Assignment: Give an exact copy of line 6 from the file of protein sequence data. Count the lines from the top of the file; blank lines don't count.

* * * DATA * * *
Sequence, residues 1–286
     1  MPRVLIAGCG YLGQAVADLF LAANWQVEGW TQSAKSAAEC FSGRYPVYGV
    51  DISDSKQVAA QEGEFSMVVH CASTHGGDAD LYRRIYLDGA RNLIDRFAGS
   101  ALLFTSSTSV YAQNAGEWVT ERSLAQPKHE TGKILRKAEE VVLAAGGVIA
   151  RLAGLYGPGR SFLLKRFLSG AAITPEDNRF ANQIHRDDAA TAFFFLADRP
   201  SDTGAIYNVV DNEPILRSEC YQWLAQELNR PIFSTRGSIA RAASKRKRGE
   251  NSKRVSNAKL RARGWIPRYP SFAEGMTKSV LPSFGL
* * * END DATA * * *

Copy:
   201  SDTGAIYNVV DNEPILRSEC YQWLAQELNR PIFSTRGSIA RAASKRKRGE